The small business-for-sale marketplace presents an opportunity for the budding entrepreneur to try their hand at business ownership without having to start from scratch.
By purchasing an already established business, new owners have a head start on success: Inheriting an existing customer base and a trained workforce to name are among the top benefits. And unlike a startup, existing small businesses have proven cash flows, approved credit lines and many of the licenses and permits necessary for operation.
Once the decision to purchase a business has been made, buyers then face the often overwhelming task of finding the right business fit. Geography and industry are obvious filters for prospective buyers; however, buyers need to analyze the financials and terms of the deal to truly understand if a listing is priced fairly and whether the business is built for long term success. Before you begin combing through financial statements, it's first important to understand the following terms and tools used to measure business performance:
- Cash flow. Cash flow statements are like a business' checking account -- it shows the money flowing in and out of a business and the amount of "cash" on hand at any given time. A positive cash flow means there is more money coming in than going out and that the business owner has enough cash to cover all of the bills. Similarly, if a business' cash flow is negative, buyers should be cautious and only dive in if they have a true plan to make the business increase sales and/or decrease expenses.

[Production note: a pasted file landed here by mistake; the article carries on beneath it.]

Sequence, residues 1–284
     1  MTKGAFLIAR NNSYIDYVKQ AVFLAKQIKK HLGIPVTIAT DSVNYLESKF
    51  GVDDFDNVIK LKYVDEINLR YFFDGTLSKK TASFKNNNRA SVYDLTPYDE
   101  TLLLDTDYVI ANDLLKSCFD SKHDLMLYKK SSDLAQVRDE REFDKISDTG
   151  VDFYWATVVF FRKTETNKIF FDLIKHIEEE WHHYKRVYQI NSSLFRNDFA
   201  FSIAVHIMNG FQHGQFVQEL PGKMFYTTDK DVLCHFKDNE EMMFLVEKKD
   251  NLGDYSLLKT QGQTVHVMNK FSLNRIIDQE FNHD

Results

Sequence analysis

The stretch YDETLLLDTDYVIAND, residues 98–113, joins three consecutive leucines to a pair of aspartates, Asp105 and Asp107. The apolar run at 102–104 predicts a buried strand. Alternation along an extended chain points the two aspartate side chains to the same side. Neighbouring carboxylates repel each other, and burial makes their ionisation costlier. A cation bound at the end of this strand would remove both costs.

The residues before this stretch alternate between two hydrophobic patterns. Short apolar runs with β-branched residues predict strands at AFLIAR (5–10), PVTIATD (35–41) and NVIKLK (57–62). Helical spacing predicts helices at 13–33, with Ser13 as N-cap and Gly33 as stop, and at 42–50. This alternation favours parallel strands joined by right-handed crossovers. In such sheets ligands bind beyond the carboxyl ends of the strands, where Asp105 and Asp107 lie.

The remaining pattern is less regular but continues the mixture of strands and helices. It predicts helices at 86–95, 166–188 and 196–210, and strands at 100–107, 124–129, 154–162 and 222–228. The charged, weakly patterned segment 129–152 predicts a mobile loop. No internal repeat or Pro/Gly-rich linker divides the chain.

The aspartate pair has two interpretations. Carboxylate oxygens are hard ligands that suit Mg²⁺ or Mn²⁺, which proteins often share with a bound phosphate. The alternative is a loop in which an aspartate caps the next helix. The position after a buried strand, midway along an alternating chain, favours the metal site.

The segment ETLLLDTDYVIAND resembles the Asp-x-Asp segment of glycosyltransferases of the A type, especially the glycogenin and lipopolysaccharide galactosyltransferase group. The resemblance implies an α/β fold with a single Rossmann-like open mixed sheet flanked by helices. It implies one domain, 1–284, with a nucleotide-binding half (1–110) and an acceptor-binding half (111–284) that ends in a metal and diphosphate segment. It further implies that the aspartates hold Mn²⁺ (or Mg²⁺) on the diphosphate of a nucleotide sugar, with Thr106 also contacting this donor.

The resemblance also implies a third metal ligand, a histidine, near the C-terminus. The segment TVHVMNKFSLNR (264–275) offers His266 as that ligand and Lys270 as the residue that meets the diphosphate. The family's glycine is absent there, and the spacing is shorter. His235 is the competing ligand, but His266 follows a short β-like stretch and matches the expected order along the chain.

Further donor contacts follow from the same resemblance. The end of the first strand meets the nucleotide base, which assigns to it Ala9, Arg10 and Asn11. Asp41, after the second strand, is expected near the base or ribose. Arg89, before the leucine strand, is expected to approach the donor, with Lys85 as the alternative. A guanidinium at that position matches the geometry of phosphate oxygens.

- EBITDA.Known as the earnings before interest, taxes, depreciation and amortization. EBITDA removes the cost of debt capital and taxes to gauge the earning potential of a business. EBITDA is often used in valuation ratios and is essentially the net income with interest, taxes, depreciation and amortization added back into the equation. In stripping away depreciation and amortization, an EBITDA valuation reveals how well a company is doing financially and gives buyers an idea of how much cash a business can generate before paying off its debts.
- Multiples.Used as a multiplier of revenue and/or cash flow, multiples are used to assess the value of a business compared to similar businesses in the same sector and location. For example, according to BizBuySell's Insight Report, the average revenue multiple of restaurants sold in 2017 was 0.39. Based on this multiple, a restaurant with $500,000 in revenue would have an estimated worth of $195,000 ($500,000 cash flow x 0.39 multiple). While it's best to use a professional appraiser or business broker to assess true value, multiples are a great method for an initial valuation.